The Galapagos Islands, a wildlife sanctuary 600 miles offshore of Ecuador and a UNESCO World Heritage Site, is a bucket list vacation. The archipelago of 13 major islands and seven minor ones, not only sustains some unique species, but the critters here, having evolved without predators, have no fear of people. On your walks, depending on the island, you’re likely to have to step over a sea lion pup who has wriggled in your path and brush by a colony of blue-footed boobies. You may encounter 600-pound giant tortoises, flocks of flamingoes, finches, lizards, crabs, gulls, frigate birds and more.
The Galapagos Islands’ offer a once-in-a-lifetime experience for travelers. Plan ahead in order to maximize your time.
More and more people are interested in nature trips. “The pressures and tensions of the world make people seek out more remote areas and move away from the gloss of high-end hotels. People are looking for more substance in their lives,” says Bill Roberson, president of International Nature & Cultural Adventures, a company that has been offering Galapagos trips for more than 40 years.
It’s easier than ever before to enjoy a Galapagos vacation as outfitters now offer diverse itineraries. You can pick cruise-only trips as well as combination land and sea voyages and even journeys that feature add-ons to Amazon rainforests, the Ecuadorian countryside or Peru’s Machu Picchu. Some outfitters also offer family-focused departures.
How to Choose a Trip
- Discuss how long you want to be away, how much you can spend, and what level of comfort you need.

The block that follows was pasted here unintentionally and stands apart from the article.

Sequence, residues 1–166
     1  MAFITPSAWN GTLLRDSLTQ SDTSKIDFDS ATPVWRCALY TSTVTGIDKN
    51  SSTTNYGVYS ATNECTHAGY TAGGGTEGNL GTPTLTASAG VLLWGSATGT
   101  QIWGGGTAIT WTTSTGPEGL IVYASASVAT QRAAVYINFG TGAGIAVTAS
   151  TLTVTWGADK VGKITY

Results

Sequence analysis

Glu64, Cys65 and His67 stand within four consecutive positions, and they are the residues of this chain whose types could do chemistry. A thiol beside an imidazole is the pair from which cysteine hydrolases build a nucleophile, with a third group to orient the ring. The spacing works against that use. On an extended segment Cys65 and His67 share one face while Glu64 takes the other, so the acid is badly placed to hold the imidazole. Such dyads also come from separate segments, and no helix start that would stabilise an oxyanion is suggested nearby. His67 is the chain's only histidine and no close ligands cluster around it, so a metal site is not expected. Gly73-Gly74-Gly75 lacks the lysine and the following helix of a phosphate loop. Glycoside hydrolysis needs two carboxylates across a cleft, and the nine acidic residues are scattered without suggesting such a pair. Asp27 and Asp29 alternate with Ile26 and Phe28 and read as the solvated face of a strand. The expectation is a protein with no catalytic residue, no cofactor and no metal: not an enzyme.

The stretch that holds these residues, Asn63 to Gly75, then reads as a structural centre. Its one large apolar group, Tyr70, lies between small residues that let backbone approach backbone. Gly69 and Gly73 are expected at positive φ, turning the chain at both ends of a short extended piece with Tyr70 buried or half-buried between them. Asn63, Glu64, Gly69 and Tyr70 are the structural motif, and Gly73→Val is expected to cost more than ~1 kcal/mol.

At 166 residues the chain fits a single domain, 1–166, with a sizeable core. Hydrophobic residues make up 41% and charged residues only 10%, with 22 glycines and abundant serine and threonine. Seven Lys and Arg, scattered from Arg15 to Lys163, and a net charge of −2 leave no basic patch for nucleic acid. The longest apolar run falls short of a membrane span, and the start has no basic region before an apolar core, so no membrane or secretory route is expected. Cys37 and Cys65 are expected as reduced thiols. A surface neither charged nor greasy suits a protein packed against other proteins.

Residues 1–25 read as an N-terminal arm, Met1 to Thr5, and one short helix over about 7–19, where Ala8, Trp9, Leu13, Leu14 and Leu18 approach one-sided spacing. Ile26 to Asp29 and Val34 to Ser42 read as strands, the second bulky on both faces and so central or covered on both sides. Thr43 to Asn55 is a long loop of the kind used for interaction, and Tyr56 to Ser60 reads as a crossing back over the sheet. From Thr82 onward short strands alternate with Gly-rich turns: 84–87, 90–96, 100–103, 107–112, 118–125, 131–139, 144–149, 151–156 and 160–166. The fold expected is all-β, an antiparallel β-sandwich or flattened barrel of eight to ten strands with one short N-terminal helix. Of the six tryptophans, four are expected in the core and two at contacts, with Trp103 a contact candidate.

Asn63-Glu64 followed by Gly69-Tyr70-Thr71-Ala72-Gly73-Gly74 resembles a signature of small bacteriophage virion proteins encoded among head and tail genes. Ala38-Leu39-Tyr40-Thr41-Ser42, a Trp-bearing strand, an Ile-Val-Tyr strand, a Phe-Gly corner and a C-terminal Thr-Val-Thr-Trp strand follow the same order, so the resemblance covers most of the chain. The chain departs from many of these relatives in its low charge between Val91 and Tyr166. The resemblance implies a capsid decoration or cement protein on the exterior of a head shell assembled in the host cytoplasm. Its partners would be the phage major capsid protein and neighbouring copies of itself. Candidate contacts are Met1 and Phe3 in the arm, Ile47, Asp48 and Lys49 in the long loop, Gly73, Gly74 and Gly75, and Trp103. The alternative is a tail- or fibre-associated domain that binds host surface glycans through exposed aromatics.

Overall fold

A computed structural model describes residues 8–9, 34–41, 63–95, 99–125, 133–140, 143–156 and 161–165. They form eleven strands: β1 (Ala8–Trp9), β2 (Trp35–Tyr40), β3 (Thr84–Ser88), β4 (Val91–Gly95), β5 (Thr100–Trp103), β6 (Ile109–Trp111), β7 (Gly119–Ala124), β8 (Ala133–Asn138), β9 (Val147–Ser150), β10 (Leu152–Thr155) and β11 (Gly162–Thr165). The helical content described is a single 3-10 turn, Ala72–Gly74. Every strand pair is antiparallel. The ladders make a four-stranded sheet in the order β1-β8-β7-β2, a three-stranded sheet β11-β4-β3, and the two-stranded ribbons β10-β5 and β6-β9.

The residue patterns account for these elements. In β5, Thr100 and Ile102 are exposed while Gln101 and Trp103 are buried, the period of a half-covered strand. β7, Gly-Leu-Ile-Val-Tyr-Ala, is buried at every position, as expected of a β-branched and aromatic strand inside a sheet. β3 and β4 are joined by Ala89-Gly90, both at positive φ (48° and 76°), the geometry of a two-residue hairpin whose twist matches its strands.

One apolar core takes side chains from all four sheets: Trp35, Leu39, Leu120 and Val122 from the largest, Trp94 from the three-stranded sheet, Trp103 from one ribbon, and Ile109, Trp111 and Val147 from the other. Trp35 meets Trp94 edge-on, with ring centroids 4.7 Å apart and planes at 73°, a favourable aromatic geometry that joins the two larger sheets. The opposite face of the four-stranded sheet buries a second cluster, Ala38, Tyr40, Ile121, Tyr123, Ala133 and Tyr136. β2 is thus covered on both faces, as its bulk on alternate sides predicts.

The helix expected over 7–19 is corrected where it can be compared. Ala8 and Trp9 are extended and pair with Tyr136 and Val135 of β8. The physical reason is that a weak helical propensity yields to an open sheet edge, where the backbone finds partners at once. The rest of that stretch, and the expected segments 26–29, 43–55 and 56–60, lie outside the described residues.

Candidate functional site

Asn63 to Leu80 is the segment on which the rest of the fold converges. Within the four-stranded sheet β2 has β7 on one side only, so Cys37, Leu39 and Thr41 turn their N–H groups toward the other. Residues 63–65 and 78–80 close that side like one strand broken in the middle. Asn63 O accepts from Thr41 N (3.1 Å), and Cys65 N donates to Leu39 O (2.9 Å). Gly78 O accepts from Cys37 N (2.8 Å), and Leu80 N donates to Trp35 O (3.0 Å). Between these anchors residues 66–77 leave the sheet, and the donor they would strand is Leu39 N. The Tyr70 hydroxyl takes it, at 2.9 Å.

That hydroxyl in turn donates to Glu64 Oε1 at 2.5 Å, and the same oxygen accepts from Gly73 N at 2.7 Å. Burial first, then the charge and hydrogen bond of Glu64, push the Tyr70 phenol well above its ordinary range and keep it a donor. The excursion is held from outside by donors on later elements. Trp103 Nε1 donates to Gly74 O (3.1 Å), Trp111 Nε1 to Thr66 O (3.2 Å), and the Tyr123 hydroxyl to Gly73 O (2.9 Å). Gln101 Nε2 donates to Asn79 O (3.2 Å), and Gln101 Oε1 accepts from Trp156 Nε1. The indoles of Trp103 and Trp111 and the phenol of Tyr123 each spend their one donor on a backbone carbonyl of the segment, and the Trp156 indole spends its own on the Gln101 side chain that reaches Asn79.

- Figure out when you want to visit. During Ecuador’s rainy season, January to June, some of the islands may have sparser animals than during Ecuador’s dry season, July to December. However, during January to June, Ecuador’s seas remain relatively calm and are warm enough for snorkeling without a wet suit. Although Ecuador’s dry season, July to December, has less rain, the water can be rougher than in the rainy season and swimming requires a wet suit.
- Decide if you want to be in a small 16- to 48-passenger yacht or in a cruise ship that accommodates 100 people. Small yachts can provide a personal experience and larger vessels often offer a larger variety of food and more spacious gathering places onboard than are possible on a small yacht.
- Some wildlife is more easily spotted or only lives on certain islands. Discuss your wish list ahead of time.
- Ask about safety. Ask when the yacht or ship you are considering was last refit and last in dry-dock.
- Make sure that the outfitter you are talking to has actually been on the trip.
- “Most people talk to resellers who may not have been on the trip,” says Roberson. “People have to push to find out if the company they are talking to actually runs the trip. People on the phone may be reading from a script. You need to get to the actual supplier. Ask: Have you been on the trip? What was the highlight of the trip? What was eye-opening about the trip? What are the qualifications of the guides? Fundamentally, the guide makes the trip. We use guides that are knowledgeable and have people skills.”
Top Galapagos Outfitters
International Nature & Cultural Adventures (INCA) offers 11 Galapagos itineraries, ranging from 8 to 20 days. Many of the voyages are aboard a 16-passenger yacht. You can choose to stay a few nights on land in Santa Cruz, and after your cruise you can book trip extensions to explore the Amazon Basin, Ecuador’s countryside, or Machu Picchu.
Austin Adventures offers both sea-based and land-based departures. You cruise aboard 20 to 48 passenger yachts, visiting six or more islands. The land-only vacations feature stays on Santa Cruz, Floreana, and Isabela islands with transfers between destinations by speedboat.